Cadore and Oeschger just kept putting up zeroes, with several games within this game. Some highlights:

  • Cadore threw 20 consecutive scoreless innings. Oeschger threw 21 straight.
  • Cadore retired 15 straight batters from the 15th to 19th innings, then retired 19 straight from the 20th to 26th innings. He retired 20 of his final 21 batters.
  • Oeschger’s last 9 innings in his game featured just one walk (Wally Hood in the 22nd inning), and no hits. He retired 28 of his final 29 batters (15 straight before the walk, 13 straight after).

In Cadore’s SABR bio, Corbett describes just how much of a pitching duel this game became:

Around the 20th inning, manager Robinson asked Cadore if he wanted relief. “If that fellow can go another inning, I can too,” the pitcher replied. Oeschger wasn’t about to beg off. “If a pitcher couldn’t go the distance, he soon found some other form of occupation,” he explained years later. As the game wore on, both men began limiting themselves to just one or two warmup tosses before each inning.

The game was called by darkness after 26 innings, with the score tied 1-1. The stats counted, but under the rules of the time the two teams would have to start anew rather than pick up from where they left off. The Braves and Dodgers played for three hours, 50 minutes, or a quick Red Sox-Yankees game these days.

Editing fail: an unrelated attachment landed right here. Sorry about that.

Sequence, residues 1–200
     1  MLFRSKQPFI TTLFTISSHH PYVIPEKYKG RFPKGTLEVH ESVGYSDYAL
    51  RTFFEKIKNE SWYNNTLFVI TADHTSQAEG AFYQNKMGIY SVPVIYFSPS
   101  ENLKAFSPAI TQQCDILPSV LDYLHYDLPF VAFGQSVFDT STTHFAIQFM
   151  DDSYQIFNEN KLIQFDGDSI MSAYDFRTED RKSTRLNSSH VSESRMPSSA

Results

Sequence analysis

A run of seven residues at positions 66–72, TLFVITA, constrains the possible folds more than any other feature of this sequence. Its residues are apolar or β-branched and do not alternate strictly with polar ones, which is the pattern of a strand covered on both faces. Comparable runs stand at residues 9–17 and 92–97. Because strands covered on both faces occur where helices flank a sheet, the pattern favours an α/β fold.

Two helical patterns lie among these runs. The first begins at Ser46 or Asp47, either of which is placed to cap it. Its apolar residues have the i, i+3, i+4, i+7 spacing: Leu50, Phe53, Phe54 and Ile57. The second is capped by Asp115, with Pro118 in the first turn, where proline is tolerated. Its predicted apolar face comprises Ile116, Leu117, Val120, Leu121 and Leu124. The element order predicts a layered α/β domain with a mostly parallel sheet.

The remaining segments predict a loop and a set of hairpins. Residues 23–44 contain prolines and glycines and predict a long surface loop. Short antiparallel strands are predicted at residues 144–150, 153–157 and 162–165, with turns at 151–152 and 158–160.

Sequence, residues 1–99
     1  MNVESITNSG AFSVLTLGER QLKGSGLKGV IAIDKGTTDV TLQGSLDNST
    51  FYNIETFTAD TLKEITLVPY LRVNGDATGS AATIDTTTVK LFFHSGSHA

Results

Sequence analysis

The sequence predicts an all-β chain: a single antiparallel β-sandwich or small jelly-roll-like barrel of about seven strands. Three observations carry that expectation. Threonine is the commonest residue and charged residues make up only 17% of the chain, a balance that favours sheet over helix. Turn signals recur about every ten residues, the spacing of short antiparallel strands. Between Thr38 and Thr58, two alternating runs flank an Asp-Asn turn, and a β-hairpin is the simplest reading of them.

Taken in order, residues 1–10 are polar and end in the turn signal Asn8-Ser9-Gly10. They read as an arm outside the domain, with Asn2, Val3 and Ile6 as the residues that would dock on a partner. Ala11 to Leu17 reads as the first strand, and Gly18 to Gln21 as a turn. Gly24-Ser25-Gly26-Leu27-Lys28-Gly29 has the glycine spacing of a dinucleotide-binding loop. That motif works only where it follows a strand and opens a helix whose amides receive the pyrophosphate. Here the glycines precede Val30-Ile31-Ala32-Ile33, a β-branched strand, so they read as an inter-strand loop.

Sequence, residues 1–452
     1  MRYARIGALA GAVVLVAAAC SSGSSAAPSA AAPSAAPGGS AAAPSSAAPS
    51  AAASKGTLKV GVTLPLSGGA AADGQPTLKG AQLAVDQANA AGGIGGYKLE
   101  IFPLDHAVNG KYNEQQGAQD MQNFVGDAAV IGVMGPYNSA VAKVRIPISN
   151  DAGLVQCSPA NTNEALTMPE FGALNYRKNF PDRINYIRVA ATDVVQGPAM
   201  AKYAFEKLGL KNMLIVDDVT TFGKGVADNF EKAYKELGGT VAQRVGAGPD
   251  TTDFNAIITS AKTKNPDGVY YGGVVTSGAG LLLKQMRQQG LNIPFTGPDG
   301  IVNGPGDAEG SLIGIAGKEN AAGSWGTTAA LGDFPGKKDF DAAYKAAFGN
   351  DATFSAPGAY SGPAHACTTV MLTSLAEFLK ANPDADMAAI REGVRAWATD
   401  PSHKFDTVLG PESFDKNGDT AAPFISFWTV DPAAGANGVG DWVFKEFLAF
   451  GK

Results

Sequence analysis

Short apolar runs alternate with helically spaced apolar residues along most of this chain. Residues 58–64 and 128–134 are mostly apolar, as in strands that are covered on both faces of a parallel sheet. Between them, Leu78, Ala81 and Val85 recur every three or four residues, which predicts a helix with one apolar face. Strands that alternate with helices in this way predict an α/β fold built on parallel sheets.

Six Dodgers position players played the entire game. Only Cadore and shortstop Chuck Ward were without a hit, both 0-for-10. Seven Braves position players played the whole game.

The Dodgers had nine hits all game, all singles. The Braves had 15 hits, including three apiece by Boeckel and Rabbit Maranville.

Cadore and Oeschger get the pitching marathon record by two innings, surpassing Joe Harris and Jack Coombs 14 years earlier. Since this 1920 game, only 10 pitchers have lasted at least 18 innings in a game. The last one was Vern Law in 1955. It seems safe to say Cadore and Oeschger’s day won’t be repeated.

The most amazing pitching linescores you’ll ever see

Pitcher IP H R ER BB K Game score
Pitcher IP H R ER BB K Game score
Cadore 26 15 1 1 5 7 140
Oeschger 26 9 1 1 4 7 153

Nobody kept pitch counts back then. Using Tom Tango’s old pitch count estimator, Cadore is estimated at 338 pitches, and Oeschger 316. Per Corbett, when the two pitchers were asked over 30 years later, Oeschger estimated he threw 250 pitches and Cadore figured he was close to 300.